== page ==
On Wednesday afternoon, Mankiw rehearsed with the music ensemble and members of the famously raucous and racy theater troupe at Lowell Lecture Hall. While conducting the group, the slightly stiff-armed but surprisingly nimble economist ducked the embrace of an amorous “woman,” dodged a cartwheeling dinosaur, and ended up in a Rockettes-like dance number.
“I thought it might be fun, even if a bit embarrassing,” said the chair of Harvard’s economics department of his decision to take a turn at the conductor’s podium. “As a consumer of the arts, I am happy to lend my support to the producers.”
Asked directly about his actual expertise, Mankiw came clean. “I am one of the least musical members of the faculty; that’s why it’s going to be so funny.”
As a classically trained pianist, HMS student Christopher Lim ’10 was an active member of Arts First during his Harvard College days. When a member of the newly formed Committee on the Arts and Humanities at HMS approached him about organizing a group of Harvard medical and dental students to participate in the festival, Lim didn’t hesitate.
“Being on a separate campus, it’s very easy to forget there is a whole University dedicated to the pursuit and study of so many other things,” said Lim, who helped coordinate two nights of music performances, film screenings, dance, and visual art presentations (one on Thursday evening at the Longfellow campus and the other in Cambridge on Saturday afternoon) for this year’s Arts First.
“It’s a way to really bring together both campuses, not only bringing Arts First to the HMS campus, but also bridging the gap between the campuses and really integrating our participation in Arts First.”
In an effort to help the victims of last week’s marathon attack, leaders of the Dudley House Orchestra, in collaboration with the Dudley House Choir, will donate proceeds of their Sunday afternoon concert in Sanders Theatre to the One Fund Boston, the campaign created by Boston Mayor Thomas M. Menino and Governor Deval Patrick to help those directly affected by the Boston bombings. (In an email sent to the Harvard community last week, Harvard’s President’s Office also encouraged people to donate to the fund.)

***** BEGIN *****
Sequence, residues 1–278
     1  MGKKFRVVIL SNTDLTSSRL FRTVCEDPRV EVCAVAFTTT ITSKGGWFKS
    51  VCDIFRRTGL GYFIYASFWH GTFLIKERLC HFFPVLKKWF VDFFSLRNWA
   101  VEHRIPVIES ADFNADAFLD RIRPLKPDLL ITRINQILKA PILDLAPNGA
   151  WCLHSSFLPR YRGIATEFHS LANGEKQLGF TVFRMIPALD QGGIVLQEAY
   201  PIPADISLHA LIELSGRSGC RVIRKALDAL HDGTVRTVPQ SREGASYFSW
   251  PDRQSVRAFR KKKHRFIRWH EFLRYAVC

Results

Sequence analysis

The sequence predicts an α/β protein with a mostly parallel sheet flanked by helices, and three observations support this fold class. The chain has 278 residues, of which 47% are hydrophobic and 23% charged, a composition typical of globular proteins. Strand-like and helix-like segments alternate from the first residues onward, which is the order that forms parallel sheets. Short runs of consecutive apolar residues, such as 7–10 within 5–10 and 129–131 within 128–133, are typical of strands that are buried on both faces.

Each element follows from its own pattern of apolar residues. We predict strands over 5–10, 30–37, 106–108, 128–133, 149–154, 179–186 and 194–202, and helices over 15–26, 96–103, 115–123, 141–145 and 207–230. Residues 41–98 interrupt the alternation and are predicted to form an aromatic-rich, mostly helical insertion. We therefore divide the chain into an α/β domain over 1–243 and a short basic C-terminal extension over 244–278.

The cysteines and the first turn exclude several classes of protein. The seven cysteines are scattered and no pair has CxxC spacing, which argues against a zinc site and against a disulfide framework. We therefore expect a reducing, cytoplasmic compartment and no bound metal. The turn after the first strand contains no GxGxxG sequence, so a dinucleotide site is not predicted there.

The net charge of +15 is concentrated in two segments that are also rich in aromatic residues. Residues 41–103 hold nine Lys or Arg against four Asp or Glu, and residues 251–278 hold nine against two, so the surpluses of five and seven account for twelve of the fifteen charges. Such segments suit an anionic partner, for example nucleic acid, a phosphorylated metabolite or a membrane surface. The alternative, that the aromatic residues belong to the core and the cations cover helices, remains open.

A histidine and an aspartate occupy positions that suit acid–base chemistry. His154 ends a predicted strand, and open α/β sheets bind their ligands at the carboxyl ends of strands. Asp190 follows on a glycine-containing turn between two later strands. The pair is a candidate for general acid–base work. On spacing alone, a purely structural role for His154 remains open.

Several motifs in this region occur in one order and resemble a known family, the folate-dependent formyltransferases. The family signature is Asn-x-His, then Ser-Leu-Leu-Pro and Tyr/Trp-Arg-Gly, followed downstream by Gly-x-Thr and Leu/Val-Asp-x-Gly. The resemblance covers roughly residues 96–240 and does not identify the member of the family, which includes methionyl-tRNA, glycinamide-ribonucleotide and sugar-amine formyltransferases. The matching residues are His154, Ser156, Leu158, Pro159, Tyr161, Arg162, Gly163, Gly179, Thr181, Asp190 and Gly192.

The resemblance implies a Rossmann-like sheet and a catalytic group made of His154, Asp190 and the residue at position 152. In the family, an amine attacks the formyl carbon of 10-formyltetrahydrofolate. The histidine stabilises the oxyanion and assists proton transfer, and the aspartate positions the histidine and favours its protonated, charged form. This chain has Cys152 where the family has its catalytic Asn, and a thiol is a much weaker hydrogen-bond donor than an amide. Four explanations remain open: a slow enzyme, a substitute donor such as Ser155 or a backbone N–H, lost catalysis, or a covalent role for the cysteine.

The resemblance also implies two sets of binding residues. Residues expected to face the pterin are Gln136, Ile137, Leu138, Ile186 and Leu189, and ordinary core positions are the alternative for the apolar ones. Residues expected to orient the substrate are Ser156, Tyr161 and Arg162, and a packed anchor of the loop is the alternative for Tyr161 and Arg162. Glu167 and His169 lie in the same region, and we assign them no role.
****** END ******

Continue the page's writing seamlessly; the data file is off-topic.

Like so many people who were stuck at home in the Boston area during last Friday’s regional lockdown, the director of the Dudley orchestra was monitoring events as they unfolded and feeling restless. Then he started thinking about ways to give back.
“Now is when people want to help and make donations, and I just thought it would be a good idea to turn this concert into an opportunity to do that,” said Aaron Kuan ’09, adding that the theme of universal brotherhood in Beethoven’s Ninth delivers an uplifting message at such a difficult time.
“There is really nothing better to help people reflect and begin to heal than having a concert, where the music is there to help focus your thoughts.”
Other festival highlights will include a retrospective of student film and video productions presented by the Department of Visual and Environmental Studies in honor of the Carpenter Center’s 50th anniversary, a Saturday afternoon dance fest at the Science Center plaza featuring Harvard’s 27 student dance groups, and the
Harvard Playwrights Festival in Farkas Hall, three evenings of staged readings of plays created by students as part of an advanced playwriting class.